It has been 30 years since the death in custody of 16-year-old Yindjibarndi youth John Pat after he was assaulted by five off-duty police officers in Roebourne, Western Australia.
John Pat’s murder, and the subsequent acquittal of the five police, started the movement against black deaths in custody. That movement was built from the anger of ordinary people when, again and again, someone died or was murdered in custody, leaving their distraught relatives struggling to find answers.
Years of pressure forced the government to establish the Royal Commission into Aboriginal Deaths in Custody. The commission’s final report, released in 1991, made more than 300 recommendations.
Since then another 300 people have died in custody including 18-year-old Daniel Yock in Brisbane, 17-year-old TJ Hickey in Sydney, Mr Ward in Western Australia and Mulrunji Doomadgee on Palm Island.
Each death in custody is the tragic consequence of the over-representation of Aboriginal people in the criminal justice system. Though only 2.3% of Australia’s population, Aboriginals make up 25% of the prison population and for Aboriginal youth the rate is 50%.
Aboriginal people are 15 times more likely to be incarcerated than white adults. For Aboriginal youths the situation is much worse. Juveniles in WA are 48 times more likely to be jailed than their non-Indigenous peers. WA also imprisons Aboriginal people at nine times the rate that black South Africans were imprisoned under apartheid. Each one of these prisoners is a potential death in custody.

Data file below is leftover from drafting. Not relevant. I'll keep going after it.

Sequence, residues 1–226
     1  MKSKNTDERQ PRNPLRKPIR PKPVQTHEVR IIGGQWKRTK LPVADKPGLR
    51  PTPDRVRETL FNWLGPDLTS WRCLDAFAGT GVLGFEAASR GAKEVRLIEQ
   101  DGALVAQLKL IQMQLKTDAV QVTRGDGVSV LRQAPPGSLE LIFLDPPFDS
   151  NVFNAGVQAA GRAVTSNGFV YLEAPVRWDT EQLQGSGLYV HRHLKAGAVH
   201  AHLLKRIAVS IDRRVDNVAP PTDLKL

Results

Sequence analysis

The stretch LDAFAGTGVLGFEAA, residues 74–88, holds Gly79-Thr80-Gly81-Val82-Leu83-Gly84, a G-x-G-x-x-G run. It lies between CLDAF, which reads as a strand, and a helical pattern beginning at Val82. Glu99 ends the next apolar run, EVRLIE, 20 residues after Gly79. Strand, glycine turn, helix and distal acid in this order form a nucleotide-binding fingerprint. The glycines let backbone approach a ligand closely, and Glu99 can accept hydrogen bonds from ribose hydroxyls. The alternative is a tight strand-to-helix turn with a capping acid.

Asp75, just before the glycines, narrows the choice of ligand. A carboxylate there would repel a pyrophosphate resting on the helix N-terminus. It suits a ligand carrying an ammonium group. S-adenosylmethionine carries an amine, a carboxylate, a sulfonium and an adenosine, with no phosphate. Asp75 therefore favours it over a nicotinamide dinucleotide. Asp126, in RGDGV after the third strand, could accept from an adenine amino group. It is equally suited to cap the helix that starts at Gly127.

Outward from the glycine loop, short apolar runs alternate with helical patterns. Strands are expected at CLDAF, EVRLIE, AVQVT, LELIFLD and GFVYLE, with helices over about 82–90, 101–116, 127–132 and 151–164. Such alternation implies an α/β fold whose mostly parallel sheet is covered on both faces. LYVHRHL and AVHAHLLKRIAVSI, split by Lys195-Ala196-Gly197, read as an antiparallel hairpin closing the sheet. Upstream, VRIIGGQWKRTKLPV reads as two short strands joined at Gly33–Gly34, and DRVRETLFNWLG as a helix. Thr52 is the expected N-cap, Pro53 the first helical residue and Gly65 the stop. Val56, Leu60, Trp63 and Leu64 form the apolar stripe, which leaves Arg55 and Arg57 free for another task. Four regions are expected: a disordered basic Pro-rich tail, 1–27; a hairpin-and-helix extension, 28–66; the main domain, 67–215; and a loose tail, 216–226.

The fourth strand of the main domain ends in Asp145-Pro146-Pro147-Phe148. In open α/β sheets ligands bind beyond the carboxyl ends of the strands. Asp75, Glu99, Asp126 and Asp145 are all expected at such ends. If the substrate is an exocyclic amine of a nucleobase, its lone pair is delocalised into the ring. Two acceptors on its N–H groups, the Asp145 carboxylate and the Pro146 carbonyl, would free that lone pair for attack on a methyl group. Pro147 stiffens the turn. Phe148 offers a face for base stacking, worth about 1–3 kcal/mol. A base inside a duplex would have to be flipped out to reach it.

Several groups around Australia are planning actions around the following demands:
Stop Aboriginal deaths in custody. End the racist persecution of Aboriginal people. Conduct a national audit of the implementation of the recommendations of the royal commission. Make the findings public and table in federal, state and territory parliaments, and, where appropriate, local government bodies.
Build communities not prisons. End the privatisation of custodial services — cancel all contracts with G4S, Serco and other profiteers from incarceration.
Hold the police and custodial authorities to account — end the practice of police investigating police. Establish elected community based police review boards with the full legal and legislative powers to investigate, discipline and charge police and custodial officers found to be involved in a death in custody, negligence or lack of duty of care.
Pass legislation to hold corporation and government departments responsible for their role in a death in custody.
End the harassment of deaths in custody families. Provide full funding for families, both immediate and extended, who have lost a loved one in custody to meet to allow their collective demands — including for apologies and compensation — to be formulated.
Actions in support of these demands will be held in Perth on September 25 and in Adelaide, Cairns, Melbourne and Sydney on September 28.
[For more information contact Indigenous Social Justice Association in Melbourne at email@example.com or Sydney on 0450 651 063. Contact the Deaths in Custody Watch Group in Western Australia at firstname.lastname@example.org or Far North Queensland at email@example.com.]